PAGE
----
Angry Mob v AIG.jpgLet’s take a closer look at the torches and pitchforks the U.S. Congress is brandishing. As you have undoubtedly heard, Congress overwhelming passed the 90% tax on “things we don’t like.” 85 Republicans joined the fracas, so this is a bipartisan ex post facto effort.

Our sister site, Dealbreaker, has already weighed in on the legality of this tax. (Aren’t you glad law firms didn’t take any government money?) They neatly summarize some of the key legal questions:

The “bill of attainder” test keys off these two prongs:

Is it targeted at specific individuals?

Is it of punitive intent?

So what’s punitive intent? The Fifth Circuit’s SBC Communications v. FCC ruling is about the most direct on this as the Supreme Court hasn’t touched the issue in decades.

We’ve collected some of the arguments, for and against, for your perusal. After the jump, we invite you to take our reader poll.


I mentioned last night that Larry Tribe thinks the law would be constitutional. Tribe argued SBC Commnications v. FCC, one of the few precedents we have on the issue:

Such a tax would presumably be leveled on the basis of some criterion sufficiently general to avoid classification as a measure targeting solely a closed class of identified and named individuals. The fact that the individuals subject to the tax in its retroactive application would in principle be readily identifiable would not suffice to doom the tax either from a bill of attainder perspective or from a due process perspective. Moreover, the fact that the aim of such a tax would be manifestly regulatory and fiscal rather than punitive and condemnatory, and that the tax would be part of a measure that would be prospective as well as retroactive in its operation, would serve to blunt the force of any bill of attainder challenge. Finally, such a tax would be devoid of the sting of political retribution and would not partake of the classic “trial by legislature” that the attainder ban was designed to avoid.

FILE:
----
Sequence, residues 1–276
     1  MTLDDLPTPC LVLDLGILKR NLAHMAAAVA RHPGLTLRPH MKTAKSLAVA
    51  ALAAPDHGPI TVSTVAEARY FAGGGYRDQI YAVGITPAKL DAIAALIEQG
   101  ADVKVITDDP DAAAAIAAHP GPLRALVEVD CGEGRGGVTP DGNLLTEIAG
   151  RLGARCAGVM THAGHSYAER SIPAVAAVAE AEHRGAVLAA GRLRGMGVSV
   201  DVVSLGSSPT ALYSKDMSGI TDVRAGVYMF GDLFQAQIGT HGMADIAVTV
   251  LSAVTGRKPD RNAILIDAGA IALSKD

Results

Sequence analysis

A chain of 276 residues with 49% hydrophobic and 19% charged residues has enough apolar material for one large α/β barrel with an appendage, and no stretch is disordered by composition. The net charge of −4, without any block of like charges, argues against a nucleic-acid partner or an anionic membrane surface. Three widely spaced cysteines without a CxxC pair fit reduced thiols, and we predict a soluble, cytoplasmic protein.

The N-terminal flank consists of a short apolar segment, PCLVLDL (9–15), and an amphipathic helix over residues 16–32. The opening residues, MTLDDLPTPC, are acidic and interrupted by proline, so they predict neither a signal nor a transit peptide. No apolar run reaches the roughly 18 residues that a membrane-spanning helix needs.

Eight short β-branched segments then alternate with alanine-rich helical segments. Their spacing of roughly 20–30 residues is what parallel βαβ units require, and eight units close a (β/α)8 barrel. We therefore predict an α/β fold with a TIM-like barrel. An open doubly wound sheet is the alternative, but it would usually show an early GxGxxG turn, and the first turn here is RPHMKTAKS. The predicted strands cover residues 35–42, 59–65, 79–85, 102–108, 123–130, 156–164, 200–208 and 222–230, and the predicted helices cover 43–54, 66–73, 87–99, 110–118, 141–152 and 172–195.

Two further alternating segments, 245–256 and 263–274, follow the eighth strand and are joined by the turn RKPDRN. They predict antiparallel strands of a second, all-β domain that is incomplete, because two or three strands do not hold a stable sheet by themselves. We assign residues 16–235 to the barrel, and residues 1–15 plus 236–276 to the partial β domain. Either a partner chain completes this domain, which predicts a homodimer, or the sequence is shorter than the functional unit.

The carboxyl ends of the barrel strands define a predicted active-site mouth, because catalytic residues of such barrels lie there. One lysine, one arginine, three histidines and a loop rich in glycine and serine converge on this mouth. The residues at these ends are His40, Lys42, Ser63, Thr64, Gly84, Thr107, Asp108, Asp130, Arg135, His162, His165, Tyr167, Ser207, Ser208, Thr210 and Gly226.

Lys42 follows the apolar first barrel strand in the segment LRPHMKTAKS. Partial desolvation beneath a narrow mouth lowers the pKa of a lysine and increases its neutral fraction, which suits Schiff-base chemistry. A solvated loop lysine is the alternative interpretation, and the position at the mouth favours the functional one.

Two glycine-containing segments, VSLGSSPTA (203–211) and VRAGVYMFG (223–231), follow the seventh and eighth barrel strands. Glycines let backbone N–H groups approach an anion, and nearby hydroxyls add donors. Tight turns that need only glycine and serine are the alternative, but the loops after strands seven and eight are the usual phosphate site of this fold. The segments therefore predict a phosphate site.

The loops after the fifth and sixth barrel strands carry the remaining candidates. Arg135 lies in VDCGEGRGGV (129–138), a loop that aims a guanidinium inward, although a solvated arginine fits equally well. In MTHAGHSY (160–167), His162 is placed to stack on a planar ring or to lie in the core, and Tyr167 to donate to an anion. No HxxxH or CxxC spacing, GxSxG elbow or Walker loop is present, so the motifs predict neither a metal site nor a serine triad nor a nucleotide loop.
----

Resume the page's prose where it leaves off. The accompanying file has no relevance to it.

Maybe it would be “devoid of the sting of political retribution,” but not the smell of it. Not when you have U.S. Senators calling on AIG executives to commit suicide.

Over at Blue Mass Group, the counter-argument to Professor Tribe is put plainly:

[O]ne of the definitions of “punishment” under Supreme Court precedent is “the punitive confiscation of property by the sovereign.” So the question boils down to whether the super-tax is “punitive.” …

Someone challenging the super-tax shouldn’t have any trouble finding evidence that the folks in Congress are interested in punishing AIG’s bonus recipients, even setting aside Senator Grassley’s call for them to commit suicide. And though there are cases that declare taxes as non-punitive, a 100% (or close to it) tax might be a different thing — especially with the current Supreme Court. It’s not a slam-dunk either way, but the argument that a 100% tax on pretty much anything is punitive seems pretty strong to me.

Okay Above the Law readers, what do you think? Are we looking at an unconstitutional punitive tax, or is this a perfectly legal clawback? Participate in the poll below.

The 90% AIG Tax: Good Politics, Bad Tax Policy [TaxProf Blog]

Laurence Tribe: Is Taxing AIG Legal? [The Atlantic]

Is The AIG Tax Constitutional? [Dealbreaker]

Would a super-tax on AIG bonuses be an unconstitutional Bill of Attainder? [Blue Mass Group]


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